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Finding Courage in Suffering: Blood, Sweat and Tears

Posted by Guest Blogger on 2/26/17 7:00 AM

making sense of suffering

I didn’t read the Bible growing up. The truth is, aside from Sunday Mass, holy days, weddings and the occasional greeting card or crossword puzzle, I was never really exposed to Holy Scripture. As I became friends with other Christians of all denominations, I was often amazed at their command of God’s Word. I also felt somewhat cheated by my own church for leaving me so ignorant of the Word of God.

Joshua, Rahab, Gideon, Deborah, Josiah, Esther, Jairus, Zacchaeus, Mary (wife of Clopas) ... all names I had heard, sure, but they were just names. These characters in history meant little to me, and the same is probably true for you. Then there are the other characters in the story, the “extras.” The Bible doesn’t even give their names: Naaman’s servant girl, the woman at the well, the man born blind, the woman with a hemorrhage, the boy with five loaves and two fish. The extras in the Bible make brief appearances and disappear. What role do these people play in this huge ethereal storybook, and what am I supposed to learn from them? What difference does it make to me how many loaves this kid had or how many husbands the woman at the well had gone through?

What it comes down to is perspective: They were not extras and you are not an extra, either. There are no extras. In the mind and heart of God, you are in the Garden of Eden, faced with the choice of trusting God or submitting to sin. You are among the olive trees in Gethsemane, staring evil in the eye, deciding whether to choose death to self, which will bring life, or preservation of self, which will ultimately bring death.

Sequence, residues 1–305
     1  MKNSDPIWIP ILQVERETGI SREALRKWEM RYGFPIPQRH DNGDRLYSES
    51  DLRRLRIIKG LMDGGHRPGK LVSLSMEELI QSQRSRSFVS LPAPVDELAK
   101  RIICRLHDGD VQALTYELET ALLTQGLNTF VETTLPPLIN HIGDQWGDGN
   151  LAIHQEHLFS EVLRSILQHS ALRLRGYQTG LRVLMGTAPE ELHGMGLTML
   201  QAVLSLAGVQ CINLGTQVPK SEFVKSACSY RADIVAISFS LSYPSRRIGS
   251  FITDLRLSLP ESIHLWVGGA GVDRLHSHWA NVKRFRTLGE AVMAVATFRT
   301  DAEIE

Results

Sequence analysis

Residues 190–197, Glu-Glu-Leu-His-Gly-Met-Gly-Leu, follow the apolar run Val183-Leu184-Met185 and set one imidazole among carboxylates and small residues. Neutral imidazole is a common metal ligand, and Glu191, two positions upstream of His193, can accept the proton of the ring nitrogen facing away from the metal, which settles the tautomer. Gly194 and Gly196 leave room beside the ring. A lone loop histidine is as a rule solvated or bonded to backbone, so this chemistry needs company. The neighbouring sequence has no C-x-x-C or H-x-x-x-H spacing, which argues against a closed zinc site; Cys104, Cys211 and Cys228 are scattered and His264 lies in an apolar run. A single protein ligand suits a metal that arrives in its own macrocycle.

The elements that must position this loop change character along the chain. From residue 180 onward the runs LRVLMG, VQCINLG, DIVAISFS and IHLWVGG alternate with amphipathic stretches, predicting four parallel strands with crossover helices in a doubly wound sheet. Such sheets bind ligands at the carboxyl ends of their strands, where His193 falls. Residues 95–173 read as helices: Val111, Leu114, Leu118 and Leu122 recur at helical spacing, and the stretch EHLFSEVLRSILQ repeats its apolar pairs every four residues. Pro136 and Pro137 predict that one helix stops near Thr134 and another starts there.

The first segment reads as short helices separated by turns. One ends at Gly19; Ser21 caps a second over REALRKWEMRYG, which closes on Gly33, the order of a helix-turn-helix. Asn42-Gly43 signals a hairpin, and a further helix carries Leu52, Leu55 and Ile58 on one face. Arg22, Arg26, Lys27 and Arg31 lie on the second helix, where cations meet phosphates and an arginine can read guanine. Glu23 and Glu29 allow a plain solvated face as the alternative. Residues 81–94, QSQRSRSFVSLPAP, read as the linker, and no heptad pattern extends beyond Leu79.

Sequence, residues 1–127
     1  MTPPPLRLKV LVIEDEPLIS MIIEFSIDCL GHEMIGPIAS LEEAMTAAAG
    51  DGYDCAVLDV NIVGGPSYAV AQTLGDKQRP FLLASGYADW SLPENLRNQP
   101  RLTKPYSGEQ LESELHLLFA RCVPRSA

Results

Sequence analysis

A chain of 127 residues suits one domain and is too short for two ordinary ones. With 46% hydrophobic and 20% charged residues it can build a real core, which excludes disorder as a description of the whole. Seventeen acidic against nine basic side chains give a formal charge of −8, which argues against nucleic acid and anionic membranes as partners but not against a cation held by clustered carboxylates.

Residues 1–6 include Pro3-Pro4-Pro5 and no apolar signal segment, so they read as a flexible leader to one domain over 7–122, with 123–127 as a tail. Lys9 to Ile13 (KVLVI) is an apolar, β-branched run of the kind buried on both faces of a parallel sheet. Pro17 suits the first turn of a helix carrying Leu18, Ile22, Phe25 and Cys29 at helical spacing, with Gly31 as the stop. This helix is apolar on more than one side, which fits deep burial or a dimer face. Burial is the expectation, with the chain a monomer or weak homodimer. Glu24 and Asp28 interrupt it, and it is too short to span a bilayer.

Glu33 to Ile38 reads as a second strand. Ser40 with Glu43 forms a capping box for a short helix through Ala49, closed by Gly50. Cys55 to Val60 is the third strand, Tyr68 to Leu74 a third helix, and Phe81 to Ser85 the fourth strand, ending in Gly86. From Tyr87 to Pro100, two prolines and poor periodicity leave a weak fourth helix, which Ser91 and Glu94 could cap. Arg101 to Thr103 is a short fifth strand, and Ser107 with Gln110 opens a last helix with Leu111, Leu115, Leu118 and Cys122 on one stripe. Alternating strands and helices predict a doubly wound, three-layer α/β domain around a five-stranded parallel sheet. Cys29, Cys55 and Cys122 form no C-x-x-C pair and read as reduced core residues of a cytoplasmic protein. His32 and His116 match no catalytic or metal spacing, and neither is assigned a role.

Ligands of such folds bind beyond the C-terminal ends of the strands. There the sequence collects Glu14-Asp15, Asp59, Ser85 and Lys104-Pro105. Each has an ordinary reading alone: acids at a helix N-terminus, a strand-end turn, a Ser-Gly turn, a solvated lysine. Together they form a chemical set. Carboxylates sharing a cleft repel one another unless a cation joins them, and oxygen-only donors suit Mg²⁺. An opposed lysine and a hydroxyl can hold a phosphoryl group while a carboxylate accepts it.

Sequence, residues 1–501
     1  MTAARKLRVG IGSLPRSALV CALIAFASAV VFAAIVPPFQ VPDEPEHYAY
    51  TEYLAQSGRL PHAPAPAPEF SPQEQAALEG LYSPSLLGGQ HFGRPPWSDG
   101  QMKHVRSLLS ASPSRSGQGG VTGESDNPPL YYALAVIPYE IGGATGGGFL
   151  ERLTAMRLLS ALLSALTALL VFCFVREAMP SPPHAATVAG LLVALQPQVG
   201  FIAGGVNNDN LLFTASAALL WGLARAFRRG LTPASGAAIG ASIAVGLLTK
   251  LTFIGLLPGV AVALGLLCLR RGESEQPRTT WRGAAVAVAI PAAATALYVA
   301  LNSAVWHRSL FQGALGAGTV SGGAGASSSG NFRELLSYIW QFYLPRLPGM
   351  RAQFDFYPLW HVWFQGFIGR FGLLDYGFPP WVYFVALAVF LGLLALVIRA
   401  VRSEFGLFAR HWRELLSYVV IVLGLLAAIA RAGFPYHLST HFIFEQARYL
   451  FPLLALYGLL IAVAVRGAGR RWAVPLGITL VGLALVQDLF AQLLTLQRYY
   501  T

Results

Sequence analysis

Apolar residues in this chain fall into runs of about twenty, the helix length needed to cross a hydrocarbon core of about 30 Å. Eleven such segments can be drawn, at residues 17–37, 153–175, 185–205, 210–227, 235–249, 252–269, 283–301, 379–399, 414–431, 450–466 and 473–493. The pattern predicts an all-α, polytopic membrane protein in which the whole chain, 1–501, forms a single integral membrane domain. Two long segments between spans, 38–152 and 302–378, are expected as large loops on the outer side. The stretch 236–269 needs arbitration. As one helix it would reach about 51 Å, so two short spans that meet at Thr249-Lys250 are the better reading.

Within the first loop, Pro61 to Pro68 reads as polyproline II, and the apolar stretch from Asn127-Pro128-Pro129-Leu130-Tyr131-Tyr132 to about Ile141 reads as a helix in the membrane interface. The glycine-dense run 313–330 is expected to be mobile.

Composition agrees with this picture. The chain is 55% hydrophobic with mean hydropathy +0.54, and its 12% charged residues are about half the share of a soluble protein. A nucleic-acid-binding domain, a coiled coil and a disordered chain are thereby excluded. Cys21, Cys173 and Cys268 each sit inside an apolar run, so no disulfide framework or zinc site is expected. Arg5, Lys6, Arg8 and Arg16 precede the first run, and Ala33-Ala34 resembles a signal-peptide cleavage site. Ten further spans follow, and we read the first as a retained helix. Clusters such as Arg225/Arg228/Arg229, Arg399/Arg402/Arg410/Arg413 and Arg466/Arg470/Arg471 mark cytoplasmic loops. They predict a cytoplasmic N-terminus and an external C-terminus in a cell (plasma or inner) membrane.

But everything we’ve talked about so far—making that shift from cradle Catholic into postmodern, relevant, Jesus-loving Catholic Christian—actually involves much more than a change in perspective. Change takes faith, abandonment and courage. The perspective shift is mental. The next shift is far more difficult because it requires action, and that’s where courage, the willingness to act from the heart, comes into play.

My favorite scene in the film Braveheart depicts Mel Gibson (Wallace) rallying his countrymen on the plains of Stirling, admonishing them to fight for their freedom. When Wallace poses the question, “Will you fight?” one nameless extra retorts, “No, we will run and we will live.” The ensuing speech transforms their fearful hearts into courageous hearts. The heavily outnumbered, undertrained army of farmers rabidly took to the battlefield, knowing that the blood about to be spilled would very likely be their own. A close look at the extras in that scene always gets my adrenaline going. Maybe it’s a guy thing, I don’t know, but when the extras armed only with pitchforks begin shaking their farm tools and screaming at the opposing army like madmen, it really pumps me up. We don’t see that kind of courageous passion anymore.